That's because those standardized tests remain a central part in determining which students get accepted at many schools. But a first-of-its-kind study obtained by NPR raises questions about whether those tests are becoming obsolete.

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Higher Education
3:07 pm
Mon February 17, 2014

Former State Superintendent Becomes SIU President

Randy Dunn

A former Illinois state superintendent of education has been chosen as Southern Illinois University's new president.  

The SIU board of trustees announced Monday that Randy J. Dunn will be the university's eighth president, replacing Glenn Poshard. Poshard is retiring in June.  
Dunn is currently president of Youngstown State University in Ohio.  

Randal Thomas is chairman of the SIU board. He says Dunn ``has both the skills and the background to ensure that SIU continues to live up to its mission of providing a quality education.''  

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Education at the Statehouse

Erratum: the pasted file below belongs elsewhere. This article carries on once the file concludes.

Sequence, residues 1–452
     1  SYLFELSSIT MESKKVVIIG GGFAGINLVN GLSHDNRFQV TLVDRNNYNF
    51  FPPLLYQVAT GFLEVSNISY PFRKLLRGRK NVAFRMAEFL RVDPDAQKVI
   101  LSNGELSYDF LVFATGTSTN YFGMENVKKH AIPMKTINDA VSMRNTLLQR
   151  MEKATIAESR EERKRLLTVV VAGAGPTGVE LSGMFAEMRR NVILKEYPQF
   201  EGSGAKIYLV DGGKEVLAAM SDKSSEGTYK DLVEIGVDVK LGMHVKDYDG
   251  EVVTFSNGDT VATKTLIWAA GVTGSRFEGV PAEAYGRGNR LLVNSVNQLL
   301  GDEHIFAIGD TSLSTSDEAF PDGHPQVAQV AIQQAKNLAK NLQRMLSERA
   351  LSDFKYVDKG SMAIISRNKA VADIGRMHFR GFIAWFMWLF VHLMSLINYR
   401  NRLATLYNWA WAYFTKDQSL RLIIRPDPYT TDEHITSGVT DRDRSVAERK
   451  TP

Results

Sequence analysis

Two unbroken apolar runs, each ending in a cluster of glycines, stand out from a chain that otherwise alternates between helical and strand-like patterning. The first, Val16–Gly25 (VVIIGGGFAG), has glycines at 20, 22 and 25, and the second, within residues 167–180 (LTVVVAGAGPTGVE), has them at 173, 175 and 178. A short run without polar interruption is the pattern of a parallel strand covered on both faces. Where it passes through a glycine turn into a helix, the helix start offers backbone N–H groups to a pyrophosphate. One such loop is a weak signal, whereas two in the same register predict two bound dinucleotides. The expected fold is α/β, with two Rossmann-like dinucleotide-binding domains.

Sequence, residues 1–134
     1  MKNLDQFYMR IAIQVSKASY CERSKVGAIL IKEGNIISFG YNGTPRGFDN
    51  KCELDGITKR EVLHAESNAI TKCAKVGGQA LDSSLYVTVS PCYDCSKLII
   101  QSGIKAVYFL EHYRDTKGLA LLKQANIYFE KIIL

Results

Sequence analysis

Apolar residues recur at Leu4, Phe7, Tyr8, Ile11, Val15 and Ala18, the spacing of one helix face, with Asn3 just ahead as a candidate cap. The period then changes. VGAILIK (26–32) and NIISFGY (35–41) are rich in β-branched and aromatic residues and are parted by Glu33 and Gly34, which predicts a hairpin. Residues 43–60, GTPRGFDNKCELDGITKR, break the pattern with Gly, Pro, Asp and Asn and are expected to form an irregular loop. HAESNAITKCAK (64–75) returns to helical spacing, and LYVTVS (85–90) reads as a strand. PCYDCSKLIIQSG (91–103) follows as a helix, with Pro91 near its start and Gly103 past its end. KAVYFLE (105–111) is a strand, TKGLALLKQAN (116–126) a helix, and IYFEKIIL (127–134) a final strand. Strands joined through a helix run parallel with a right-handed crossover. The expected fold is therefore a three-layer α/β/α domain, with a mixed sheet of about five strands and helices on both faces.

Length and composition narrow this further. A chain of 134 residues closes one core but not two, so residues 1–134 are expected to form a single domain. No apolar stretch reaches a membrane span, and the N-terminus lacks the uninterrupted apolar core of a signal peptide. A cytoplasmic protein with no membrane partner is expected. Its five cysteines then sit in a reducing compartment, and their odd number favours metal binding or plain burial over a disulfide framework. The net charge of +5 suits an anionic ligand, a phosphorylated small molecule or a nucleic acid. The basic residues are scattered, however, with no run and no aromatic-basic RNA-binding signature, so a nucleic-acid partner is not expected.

10:22 am
Mon February 17, 2014

Closer Look At State's Education Funding

Springfield, Ill. (AP) - Lawmakers on both sides of the aisle have come together to propose changes to Illinois' school funding formula that would narrow the gap between rich and poor districts. But the upcoming election casts doubts on whether lawmakers will act on the plan detailed in a bipartisan Senate committee report.

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Education
4:31 am
Mon February 17, 2014

Survey: Students' Personal Data Are At Risk

Originally published on Mon February 17, 2014 6:57 am

Transcript

RENEE MONTAGNE, HOST:

Staying with the topic of computers and schools, NPR's Claudio Sanchez reports on a recent survey that found parents may have reason to worry about how schools are protecting student's personal data.

CLAUDIO SANCHEZ, BYLINE: The survey was conducted by Common Sense Media, which focuses on kids and media issues. Its key finding: Six in 10 parents don't know that schools let private companies store personal data about their children, their grades, their disciplinary behavior, their health records, even what they eat in the cafeteria.

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All Tech Considered
2:39 am
Mon February 17, 2014

A Push To Boost Computer Science Learning, Even At An Early Age

Alex Tu, an advanced placement student, takes a computer science class in Midwest City, Okla. There's been a sharp decline in the number of computer science classes offered in U.S. secondary schools.